Following this was a discussion of the revitalization of New Orleans following Katrina and Rita by Bob Brown and Helen Regis. They discussed the changes in New Orleans along with demographic changes like young kids with college degrees have moved into neighborhoods causing a unique mixing of cultures.
Hurricane Katrina: Disaster Recovery and Documentation on Archival Collections
This session featured a variety of archives and their experiences after Katrina. Lee McWhite described the affect to the Tulane Archives which were flooded. Tulane had 3000 documents affected by water. Belfor washed and cleaned their documents, but many of these collections were unprocessed and were returned from Belfor in mixed order. The archives also had some conflict with the librarians who were managing the recovery in order to maintain archival principles and order. Tulane lost some photographs which we’re not separated out for treatment. Lee’s best quote about Katrina: “There are some disasters that are so large that normal disaster plans do not apply.” Sheila Brennan, from the Roy Rosenzweig Center for History and New Media described their online collection of stories from Katrina.
Following this session, Rebecca Petersen and I gave a 5 minute “Poster Pitch” for our poster on Clarence Herbert New.
Protecting Our Heritage: Holdings Protection for Your Institution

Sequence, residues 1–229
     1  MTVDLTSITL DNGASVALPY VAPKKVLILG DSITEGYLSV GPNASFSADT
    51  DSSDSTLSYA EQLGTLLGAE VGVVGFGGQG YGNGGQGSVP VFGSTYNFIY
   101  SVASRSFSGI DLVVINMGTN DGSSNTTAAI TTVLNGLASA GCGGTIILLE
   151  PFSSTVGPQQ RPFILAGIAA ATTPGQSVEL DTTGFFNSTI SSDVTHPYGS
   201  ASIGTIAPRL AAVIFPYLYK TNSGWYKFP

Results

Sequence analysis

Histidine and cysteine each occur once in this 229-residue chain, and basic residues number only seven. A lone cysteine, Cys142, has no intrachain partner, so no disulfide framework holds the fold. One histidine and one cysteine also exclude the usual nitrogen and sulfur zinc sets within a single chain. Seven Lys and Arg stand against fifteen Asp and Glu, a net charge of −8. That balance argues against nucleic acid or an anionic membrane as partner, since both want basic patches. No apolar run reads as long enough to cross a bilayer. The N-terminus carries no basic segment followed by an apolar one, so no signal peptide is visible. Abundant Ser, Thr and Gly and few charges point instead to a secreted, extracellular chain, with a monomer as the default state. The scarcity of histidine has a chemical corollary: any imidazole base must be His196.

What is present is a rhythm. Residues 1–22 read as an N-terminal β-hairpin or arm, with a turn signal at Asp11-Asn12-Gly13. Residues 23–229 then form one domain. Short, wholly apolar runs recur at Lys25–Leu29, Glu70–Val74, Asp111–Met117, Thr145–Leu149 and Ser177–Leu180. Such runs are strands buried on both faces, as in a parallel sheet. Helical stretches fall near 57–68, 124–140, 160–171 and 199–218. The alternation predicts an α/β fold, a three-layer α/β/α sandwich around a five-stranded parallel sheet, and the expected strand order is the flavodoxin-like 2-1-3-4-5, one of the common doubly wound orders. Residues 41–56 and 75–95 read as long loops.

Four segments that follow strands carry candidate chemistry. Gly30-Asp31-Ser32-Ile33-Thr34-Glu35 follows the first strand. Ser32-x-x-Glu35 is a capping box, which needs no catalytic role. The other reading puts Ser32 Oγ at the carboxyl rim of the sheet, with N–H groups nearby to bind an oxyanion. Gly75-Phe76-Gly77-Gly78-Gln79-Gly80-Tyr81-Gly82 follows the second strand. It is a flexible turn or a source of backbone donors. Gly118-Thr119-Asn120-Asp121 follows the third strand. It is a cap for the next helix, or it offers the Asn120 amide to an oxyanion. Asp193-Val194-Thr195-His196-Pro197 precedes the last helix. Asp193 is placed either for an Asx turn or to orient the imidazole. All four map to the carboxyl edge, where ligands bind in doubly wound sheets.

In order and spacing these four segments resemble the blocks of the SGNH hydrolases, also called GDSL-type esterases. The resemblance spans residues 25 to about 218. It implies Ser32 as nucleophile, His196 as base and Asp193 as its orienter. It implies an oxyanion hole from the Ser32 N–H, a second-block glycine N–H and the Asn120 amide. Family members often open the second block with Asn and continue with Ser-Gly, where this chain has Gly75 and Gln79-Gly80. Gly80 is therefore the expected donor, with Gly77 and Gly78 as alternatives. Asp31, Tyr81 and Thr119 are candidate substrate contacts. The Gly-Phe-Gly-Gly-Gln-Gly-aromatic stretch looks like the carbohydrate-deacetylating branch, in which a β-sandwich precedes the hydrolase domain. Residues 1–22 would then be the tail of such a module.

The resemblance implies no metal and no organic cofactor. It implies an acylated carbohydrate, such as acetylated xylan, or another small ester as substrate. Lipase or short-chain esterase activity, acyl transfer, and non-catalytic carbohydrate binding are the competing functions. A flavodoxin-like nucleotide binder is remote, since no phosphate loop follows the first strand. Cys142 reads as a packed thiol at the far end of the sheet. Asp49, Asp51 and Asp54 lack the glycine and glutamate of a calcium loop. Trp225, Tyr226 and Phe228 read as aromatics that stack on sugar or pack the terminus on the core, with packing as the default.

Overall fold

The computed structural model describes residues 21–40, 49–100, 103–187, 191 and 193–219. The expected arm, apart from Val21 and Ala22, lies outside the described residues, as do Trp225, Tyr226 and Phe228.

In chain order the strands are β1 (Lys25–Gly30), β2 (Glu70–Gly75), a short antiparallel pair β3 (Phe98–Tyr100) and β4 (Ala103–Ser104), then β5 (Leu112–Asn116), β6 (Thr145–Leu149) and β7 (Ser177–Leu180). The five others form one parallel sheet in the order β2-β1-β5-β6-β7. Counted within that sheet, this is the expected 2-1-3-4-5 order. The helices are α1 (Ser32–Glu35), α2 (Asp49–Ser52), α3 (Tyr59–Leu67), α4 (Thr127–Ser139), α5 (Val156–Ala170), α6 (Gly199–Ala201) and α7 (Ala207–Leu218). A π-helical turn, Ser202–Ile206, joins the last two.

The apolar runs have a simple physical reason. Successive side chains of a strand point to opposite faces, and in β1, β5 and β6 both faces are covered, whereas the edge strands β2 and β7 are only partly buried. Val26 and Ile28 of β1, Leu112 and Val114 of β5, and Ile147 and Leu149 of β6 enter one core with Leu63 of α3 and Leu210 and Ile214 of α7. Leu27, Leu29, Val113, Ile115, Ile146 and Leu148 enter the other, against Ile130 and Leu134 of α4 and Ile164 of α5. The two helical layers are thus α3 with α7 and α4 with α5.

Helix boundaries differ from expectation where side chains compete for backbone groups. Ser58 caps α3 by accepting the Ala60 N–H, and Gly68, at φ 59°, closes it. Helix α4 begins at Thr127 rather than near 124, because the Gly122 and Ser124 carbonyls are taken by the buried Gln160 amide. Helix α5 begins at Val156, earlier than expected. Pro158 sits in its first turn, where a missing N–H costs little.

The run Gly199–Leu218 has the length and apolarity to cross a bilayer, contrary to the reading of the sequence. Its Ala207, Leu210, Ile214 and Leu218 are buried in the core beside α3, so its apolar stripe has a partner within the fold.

This session was a sort of tale of loss, horrors and misfortune. Robert Dine, from the National Archives, stated that 90 per cent of NARA’s loss of materials come from insiders through theft or unintended damage. Every NARA staff member is responsible for securing holdings they are working with and must report the compromise of holdings storage areas or damaged or missing items.
Melissa Salazar, of the New Mexico Archives described their pre-colonial Spanish documents from 1521. Much of the archive was removed by territorial managers and later, the Library of Congress. Their records were eventually returned and they now have a modern records center with state of the art environmental monitoring, cameras in the reference room. They use a holdings protection team for their collections. One of their methods is to use colored copy paper to easily help identify originals from copies. Their patrons sign a document on handling materials.